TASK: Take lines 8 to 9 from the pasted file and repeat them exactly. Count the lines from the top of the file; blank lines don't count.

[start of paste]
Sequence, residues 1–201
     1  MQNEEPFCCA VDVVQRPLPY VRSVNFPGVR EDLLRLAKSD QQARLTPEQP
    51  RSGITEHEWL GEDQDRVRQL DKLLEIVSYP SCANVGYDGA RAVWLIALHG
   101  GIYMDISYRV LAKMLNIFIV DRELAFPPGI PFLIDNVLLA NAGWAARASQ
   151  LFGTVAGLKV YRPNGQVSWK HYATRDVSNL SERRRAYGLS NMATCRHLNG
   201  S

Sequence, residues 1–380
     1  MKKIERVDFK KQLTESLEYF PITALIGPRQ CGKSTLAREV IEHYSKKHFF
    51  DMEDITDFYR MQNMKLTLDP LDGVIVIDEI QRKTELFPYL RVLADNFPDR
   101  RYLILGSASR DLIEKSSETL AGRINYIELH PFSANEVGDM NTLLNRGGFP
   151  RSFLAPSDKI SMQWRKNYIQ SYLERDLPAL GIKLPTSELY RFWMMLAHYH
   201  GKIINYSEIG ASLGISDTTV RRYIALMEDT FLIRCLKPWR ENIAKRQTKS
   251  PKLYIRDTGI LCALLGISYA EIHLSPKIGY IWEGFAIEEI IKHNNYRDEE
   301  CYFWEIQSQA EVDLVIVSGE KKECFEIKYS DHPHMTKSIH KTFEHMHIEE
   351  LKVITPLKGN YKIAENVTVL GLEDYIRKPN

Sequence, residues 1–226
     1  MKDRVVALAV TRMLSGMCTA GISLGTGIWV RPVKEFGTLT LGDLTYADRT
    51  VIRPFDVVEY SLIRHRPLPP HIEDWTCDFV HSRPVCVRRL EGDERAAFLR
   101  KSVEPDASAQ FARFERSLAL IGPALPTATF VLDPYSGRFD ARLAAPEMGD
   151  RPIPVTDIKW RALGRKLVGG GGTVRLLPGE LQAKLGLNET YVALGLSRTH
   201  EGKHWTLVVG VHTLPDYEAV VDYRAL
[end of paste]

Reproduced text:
     1  MKKIERVDFK KQLTESLEYF PITALIGPRQ CGKSTLAREV IEHYSKKHFF
    51  DMEDITDFYR MQNMKLTLDP LDGVIVIDEI QRKTELFPYL RVLADNFPDR